THE prevailing westerly winds have continued to put a damper on the chances of finding small northern and eastern rarities but some other larger more robust species, mainly seabirds, have brightened up the scene.

White-billed divers used to be an extreme rarity on our coast and were always a huge attraction on the odd occasions when they lingered in estuaries or sheltered bays. Now a handful occur annually, usually simply moving offshore, and thanks to dedicated sea-watchers word gets out quickly, either by mobile phone or instant social media

Last Saturday was a case in point as one of these superb Arctic birds flew northwards off Whitburn. Shortly afterwards it was also logged as it passed St Mary’s Island. It may then have turned around as there was a sighting of a white-billed diver going south off Cullercoats a few minutes later.

Other rare seabirds have also been seen. Another Arctic species, a probable female king eider, went north off Hartlepool Headland while from the opposite direction, the Mediterranean, a Balearic shearwater was off Whitburn. Two American ducks were seen in north Northumberland. A drake surf scoter went northwards at Holy Island while a couple of miles away a black scoter was with the regular flock of common scoters off Cocklawburn. As a drake has been present in the same area for the past three winters, I think it’s safe to assume that this is a returning individual.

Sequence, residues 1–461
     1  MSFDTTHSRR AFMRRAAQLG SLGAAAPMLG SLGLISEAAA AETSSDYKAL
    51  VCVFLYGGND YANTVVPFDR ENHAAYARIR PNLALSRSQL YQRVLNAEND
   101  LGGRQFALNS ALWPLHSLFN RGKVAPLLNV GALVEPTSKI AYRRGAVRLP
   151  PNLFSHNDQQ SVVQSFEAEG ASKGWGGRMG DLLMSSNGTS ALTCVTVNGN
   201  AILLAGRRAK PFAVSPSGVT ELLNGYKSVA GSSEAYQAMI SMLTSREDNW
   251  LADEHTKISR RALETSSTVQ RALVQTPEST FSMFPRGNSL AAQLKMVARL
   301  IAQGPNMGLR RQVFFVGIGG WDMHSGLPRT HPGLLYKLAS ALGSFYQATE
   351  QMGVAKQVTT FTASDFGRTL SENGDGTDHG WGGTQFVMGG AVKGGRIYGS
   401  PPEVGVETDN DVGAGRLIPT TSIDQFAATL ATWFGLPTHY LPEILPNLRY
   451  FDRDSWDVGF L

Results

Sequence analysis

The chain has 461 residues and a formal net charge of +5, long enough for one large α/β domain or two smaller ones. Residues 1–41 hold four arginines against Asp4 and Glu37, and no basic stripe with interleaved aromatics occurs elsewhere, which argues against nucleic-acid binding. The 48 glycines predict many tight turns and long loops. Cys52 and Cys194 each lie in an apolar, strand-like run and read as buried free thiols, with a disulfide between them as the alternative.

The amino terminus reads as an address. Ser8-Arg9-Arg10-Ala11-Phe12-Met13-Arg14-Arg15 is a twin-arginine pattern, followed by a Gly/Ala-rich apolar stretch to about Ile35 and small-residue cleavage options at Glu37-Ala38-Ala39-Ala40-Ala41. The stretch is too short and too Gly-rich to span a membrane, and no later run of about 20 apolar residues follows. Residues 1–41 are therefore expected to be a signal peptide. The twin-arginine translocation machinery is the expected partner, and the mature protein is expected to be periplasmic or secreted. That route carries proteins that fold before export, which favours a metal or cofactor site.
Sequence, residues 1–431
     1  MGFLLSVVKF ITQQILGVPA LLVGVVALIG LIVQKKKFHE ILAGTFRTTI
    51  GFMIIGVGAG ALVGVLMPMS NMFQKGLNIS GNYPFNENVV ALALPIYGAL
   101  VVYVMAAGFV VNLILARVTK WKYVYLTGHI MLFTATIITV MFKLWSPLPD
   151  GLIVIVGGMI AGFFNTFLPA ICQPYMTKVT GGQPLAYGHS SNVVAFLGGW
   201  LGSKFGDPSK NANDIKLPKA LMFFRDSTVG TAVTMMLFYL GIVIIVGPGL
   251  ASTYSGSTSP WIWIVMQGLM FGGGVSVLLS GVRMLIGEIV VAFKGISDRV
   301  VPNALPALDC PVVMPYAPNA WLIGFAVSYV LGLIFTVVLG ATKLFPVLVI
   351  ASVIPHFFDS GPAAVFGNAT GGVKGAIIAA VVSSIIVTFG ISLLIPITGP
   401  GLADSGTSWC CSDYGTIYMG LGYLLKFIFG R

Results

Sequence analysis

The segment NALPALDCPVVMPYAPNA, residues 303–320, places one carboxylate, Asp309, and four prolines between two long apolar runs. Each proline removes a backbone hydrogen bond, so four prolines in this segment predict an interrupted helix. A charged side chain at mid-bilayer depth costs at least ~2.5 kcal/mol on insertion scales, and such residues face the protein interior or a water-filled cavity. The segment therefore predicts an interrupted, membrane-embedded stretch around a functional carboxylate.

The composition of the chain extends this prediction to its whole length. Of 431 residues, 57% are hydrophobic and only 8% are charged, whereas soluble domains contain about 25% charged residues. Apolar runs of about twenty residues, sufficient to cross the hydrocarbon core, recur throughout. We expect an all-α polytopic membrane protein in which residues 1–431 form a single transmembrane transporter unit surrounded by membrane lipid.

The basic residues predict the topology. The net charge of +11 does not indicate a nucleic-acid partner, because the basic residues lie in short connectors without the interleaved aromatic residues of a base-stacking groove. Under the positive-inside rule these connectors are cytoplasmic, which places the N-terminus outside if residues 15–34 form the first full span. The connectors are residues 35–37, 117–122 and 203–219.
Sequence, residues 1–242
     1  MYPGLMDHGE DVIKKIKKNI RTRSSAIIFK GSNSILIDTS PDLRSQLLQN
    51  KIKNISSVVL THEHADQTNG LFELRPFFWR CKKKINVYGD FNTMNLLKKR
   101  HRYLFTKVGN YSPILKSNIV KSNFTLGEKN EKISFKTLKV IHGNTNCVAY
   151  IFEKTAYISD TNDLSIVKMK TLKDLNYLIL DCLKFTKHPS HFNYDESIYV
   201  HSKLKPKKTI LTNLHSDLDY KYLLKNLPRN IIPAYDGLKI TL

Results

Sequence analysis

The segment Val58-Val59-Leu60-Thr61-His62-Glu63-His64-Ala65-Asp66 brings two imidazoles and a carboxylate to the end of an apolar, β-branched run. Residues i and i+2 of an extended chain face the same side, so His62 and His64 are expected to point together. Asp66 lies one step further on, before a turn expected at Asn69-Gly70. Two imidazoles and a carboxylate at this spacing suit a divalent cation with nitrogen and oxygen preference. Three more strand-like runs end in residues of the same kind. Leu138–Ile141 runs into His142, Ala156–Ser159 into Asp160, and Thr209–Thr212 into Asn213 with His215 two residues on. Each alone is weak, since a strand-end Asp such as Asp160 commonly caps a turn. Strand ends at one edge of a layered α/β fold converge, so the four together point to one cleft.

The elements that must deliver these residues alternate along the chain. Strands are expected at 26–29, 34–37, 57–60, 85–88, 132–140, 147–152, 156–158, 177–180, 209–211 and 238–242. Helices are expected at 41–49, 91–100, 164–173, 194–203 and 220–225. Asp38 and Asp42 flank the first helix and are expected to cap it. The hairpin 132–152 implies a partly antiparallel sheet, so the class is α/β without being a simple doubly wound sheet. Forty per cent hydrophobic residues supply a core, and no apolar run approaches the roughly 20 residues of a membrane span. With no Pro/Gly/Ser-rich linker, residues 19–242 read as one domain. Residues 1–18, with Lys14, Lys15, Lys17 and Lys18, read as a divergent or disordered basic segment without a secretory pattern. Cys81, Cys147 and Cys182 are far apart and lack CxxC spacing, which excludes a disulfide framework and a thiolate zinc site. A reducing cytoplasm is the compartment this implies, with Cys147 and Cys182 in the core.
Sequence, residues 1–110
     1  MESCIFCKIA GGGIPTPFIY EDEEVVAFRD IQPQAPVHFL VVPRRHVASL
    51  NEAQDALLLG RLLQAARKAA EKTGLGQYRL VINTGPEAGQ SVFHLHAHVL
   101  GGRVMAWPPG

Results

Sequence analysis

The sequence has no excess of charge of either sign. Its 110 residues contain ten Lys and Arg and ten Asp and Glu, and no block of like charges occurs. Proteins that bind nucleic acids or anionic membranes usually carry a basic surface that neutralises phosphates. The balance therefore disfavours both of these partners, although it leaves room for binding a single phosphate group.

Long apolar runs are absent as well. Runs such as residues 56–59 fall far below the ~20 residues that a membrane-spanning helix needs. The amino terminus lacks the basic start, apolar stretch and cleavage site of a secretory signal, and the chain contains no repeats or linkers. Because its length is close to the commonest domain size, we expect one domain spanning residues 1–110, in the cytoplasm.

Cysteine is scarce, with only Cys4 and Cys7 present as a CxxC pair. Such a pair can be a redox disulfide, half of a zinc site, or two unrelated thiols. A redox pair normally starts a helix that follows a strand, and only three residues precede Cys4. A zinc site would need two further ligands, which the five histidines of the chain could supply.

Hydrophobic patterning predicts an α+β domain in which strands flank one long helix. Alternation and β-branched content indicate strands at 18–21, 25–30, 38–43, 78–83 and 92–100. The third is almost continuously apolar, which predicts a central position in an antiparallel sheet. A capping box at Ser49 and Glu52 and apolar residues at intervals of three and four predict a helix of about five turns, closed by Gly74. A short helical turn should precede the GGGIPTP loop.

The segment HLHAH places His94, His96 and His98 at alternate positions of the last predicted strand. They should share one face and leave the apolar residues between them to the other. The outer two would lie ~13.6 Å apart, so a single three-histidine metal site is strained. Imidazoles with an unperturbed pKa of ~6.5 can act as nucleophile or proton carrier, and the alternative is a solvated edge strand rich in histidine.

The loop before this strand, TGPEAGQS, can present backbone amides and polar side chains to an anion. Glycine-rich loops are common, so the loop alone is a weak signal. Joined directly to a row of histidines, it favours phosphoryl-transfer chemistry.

The big movements of geese I featured last week have continued. One of the largest flocks reported involved around 1,000 pink-feet over Redcar. Further north, at least 1,000 others already seemed settled in their regular wintering area at Druridge Bay.

Bee-eaters, the brightest and most colourful of all European species, always bring a touch of the Mediterranean when they make one of their rare appearances. This week was no exception with an obligingly showy juvenile at Haltwhistle in west Northumberland. It was first seen and photographed in a village garden last Wednesday but it was the weekend before word spread. It was still showing well at the time of writing late on Tuesday.

The sight of a bee-eater will revive memories for many Durham birders of that wonderful summer of 2002 when, totally unexpectedly, a pair of bee-eaters settled down to nest at Bishop Middleham quarry, their first and only breeding record for the north east. A few years ago another pair bred in a sand quarry near Brampton.

The only small rarity of note was a red-flanked bluetail to the south of the region at Spurn.